Perioperative management of diabetes: Translating evidence into practice

Luigi F. Meneghini

Research output: Contribution to journalArticle

38 Citations (Scopus)

Abstract

Glycemic control before, during, and after surgery reduces the risk of infectious complications; in critically ill surgical patients, intensive glycemic control may reduce mortality as well. The preoperative assessment is important in determining risk status and determining optimal management to avoid clinically significant hyper- or hypoglycemia. While patients with type 1 diabetes should receive insulin replacement at all times, regardless of nutritional status, those with type 2 diabetes may need to stop oral medi cations prior to surgery and might require insulin therapy to maintain blood glucose control. The glycemic target in the perioperative period needs to be clearly communicated so that proper insulin replacement, consisting of basal (long-acting), prandial (rapid-acting), and supplemental (rapid-acting) insulin can be implemented for optimal glycemic control. The postoperative transition to subcutaneous insulin, if needed, can begin 12 to 24 hours before discontinuing intravenous insulin, by reinitiation of basal insulin replacement. Basal/bolus insulin regimens are safer and more effective in hospitalized patients than supplemental-scale regular insulin.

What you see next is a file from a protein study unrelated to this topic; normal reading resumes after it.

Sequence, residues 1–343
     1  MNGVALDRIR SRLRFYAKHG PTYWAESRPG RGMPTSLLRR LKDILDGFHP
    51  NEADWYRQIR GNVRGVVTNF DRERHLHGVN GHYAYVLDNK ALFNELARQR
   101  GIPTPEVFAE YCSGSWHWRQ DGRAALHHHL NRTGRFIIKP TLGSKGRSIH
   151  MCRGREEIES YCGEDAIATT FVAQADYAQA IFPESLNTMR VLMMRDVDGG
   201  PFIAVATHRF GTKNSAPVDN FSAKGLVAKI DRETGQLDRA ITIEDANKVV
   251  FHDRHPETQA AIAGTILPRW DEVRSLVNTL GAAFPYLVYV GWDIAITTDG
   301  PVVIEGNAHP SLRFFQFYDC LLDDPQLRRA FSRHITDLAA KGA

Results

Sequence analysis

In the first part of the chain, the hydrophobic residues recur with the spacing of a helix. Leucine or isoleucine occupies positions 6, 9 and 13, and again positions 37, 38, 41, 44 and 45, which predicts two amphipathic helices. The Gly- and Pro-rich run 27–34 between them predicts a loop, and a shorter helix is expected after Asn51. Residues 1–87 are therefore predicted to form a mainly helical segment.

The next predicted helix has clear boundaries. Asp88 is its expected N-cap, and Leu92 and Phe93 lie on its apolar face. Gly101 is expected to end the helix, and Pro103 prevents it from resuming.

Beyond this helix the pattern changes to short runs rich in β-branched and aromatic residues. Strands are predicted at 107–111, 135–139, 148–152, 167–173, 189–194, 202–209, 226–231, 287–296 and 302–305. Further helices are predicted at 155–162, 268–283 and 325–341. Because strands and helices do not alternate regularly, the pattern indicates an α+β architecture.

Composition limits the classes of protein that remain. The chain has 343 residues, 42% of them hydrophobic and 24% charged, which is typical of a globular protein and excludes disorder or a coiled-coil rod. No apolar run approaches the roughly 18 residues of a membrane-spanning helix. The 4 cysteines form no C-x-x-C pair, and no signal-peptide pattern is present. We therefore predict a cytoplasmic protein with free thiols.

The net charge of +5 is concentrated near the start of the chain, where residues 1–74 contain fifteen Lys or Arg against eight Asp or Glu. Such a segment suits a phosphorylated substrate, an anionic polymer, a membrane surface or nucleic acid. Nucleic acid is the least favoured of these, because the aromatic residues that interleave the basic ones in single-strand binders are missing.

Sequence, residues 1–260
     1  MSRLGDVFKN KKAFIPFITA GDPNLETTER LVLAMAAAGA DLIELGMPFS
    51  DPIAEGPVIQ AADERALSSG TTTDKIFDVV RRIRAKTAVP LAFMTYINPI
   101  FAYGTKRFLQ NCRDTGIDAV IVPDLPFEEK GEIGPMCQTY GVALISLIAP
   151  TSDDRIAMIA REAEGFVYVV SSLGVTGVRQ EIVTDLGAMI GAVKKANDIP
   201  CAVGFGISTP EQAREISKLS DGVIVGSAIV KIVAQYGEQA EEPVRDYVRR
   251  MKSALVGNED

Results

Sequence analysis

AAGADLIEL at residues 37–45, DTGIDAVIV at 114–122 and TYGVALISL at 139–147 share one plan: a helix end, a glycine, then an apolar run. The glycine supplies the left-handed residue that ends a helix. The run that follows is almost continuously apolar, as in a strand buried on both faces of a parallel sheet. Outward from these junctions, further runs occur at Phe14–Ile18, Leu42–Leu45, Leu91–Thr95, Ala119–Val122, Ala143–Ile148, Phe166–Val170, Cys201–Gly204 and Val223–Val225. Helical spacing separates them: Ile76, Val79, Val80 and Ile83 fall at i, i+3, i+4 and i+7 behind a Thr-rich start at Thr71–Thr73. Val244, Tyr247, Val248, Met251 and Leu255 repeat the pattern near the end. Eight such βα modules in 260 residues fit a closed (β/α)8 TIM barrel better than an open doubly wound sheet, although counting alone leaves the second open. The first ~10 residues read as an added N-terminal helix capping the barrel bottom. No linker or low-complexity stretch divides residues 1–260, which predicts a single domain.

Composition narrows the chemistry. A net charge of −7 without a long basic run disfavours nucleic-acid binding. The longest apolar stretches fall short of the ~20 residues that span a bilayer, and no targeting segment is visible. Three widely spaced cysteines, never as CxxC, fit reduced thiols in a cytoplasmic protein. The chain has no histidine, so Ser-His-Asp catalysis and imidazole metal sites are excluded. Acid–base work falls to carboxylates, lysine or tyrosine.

Original languageEnglish
JournalCleveland Clinic Journal of Medicine
Volume76
Issue numberSUPPL. 4
DOIs
StatePublished - Nov 1 2009

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Insulin
Short-Acting Insulin
Perioperative Period
Nutritional Status
Type 1 Diabetes Mellitus
Hypoglycemia
Critical Illness
Hyperglycemia
Type 2 Diabetes Mellitus
Meals
Blood Glucose
Cations
Mortality

ASJC Scopus subject areas

  • Medicine(all)

Cite this

Perioperative management of diabetes : Translating evidence into practice. / Meneghini, Luigi F.

In: Cleveland Clinic Journal of Medicine, Vol. 76, No. SUPPL. 4, 01.11.2009.

Research output: Contribution to journalArticle

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